Three popular spices that lower blood sugar levels
Monday, December 09, 2013 by: Michael Ravensthorpe
Spices have always been admired for their ability to improve the flavors of rudimentary dishes, and perhaps this will always remain their most loved feature. Despite their largely pragmatic uses in the kitchen, however, emerging studies continue to prove that many popular spices are nutritional powerhouses that possess undeniable medicinal value.
Spices that are proven to lower blood sugar levels should hold particular value to us, since diabetes affects approximately 24 million people in the United States alone. The three spices listed below fall into this category, so diabetic and pre-diabetic individuals should definitely consider incorporating more of them into their diets.
According to a 2012 study conducted at Harbin Medical University in China, patients with type II diabetes who took 300 mg/day of turmeric for three months experienced considerably larger drops in blood glucose levels, insulin resistance and hemoglobin A1C than those who took a placebo. The researchers attributed this result to turmeric's impressive levels of curcumin, a natural antioxidant and anti-inflammatory that gives the spice its trademark orange-yellow color and is linked to countless other health benefits.
Though turmeric is most commonly added to curries and rice dishes, the spice's pleasant, nutty taste also enhances salad dressings, scrambled eggs, roasted vegetables, soups and much more. You can also mix turmeric with water, milk, apple cider vinegar or coconut water. Coconut milk is a particularly good choice, since it has a near-identical composition to blood plasma and thus can help deliver turmeric's nutrients to our cells.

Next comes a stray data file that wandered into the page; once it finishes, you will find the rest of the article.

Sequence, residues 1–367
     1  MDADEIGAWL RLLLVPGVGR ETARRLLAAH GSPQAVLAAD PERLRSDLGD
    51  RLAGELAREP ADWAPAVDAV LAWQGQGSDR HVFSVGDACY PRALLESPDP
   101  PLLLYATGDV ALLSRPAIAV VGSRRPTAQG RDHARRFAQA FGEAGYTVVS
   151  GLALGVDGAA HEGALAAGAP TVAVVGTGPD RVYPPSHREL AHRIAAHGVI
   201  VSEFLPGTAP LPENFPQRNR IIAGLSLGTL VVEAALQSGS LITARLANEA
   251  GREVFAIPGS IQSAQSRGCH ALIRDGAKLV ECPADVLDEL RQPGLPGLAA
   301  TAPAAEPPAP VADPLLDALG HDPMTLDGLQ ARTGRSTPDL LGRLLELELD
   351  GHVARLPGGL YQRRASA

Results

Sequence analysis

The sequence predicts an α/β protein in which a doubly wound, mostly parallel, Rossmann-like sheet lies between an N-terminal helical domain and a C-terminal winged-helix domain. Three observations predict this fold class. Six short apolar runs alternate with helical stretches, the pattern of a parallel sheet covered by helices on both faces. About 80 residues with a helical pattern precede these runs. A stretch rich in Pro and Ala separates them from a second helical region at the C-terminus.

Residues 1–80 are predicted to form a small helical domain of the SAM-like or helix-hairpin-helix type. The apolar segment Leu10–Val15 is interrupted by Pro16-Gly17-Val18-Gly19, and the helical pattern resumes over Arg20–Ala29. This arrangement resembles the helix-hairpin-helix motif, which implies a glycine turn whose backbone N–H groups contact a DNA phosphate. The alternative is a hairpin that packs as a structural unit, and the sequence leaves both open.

According to a study published in the 2006 edition of The American Journal of Clinical Nutrition, subjects experienced a significant drop in blood glucose levels for between 20 and 120 minutes after eating a meal containing cayenne. Moreover, most subjects also experienced a notable drop in blood insulin levels, especially those that had eaten cayenne-rich foods over a 30-day period prior to the test. These results led the researchers to conclude that cayenne can improve tissue sensitivity to insulin, resulting in reduced blood sugar levels over time.
Though cayenne peppers are often consumed in their natural state, they maintain all their active ingredients in their powdered, non-irradiated state. Perhaps the best-known of these ingredients is capsaicin, which is renowned for its pain-killing and fat-burning properties. However, emerging studies - notably the University of Ulsan study of 2011 - are finding that capsaicin is also responsible for cayenne's blood sugar-lowering abilities.
Due to its fiery taste, cayenne is less versatile than turmeric, and most people confine it to hot curries. That said, cayenne does make a good smoothie ingredient, especially as it contains properties that boost nutrient absorption rates.
According to a study in the January 2008 edition of the Journal of Natural Medicine, the glucosides found in oregano can help lower blood sugar. This result reinforces the findings of an earlier 2004 study published in the Journal of Ethnopharmacology, which discovered that rats experienced a "significant increase" in blood glucose levels after being fed oregano extracts over an extended period.
Aromatic and flavorful, oregano is an incredibly versatile spice that can be drunk in teas or added to countless hot dishes, including most Italian dishes. Individuals seeking to lower or stabilize their blood sugar levels should have no problems adding more oregano to their diets - just remember to purchase organic, non-irradiated oregano for optimum benefits.
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About the author:
Michael Ravensthorpe is an independent writer whose research interests include nutrition, alternative medicine, and bushcraft. He is the creator of the website, http://spiritfoods.net through which he promotes the world's healthiest foods.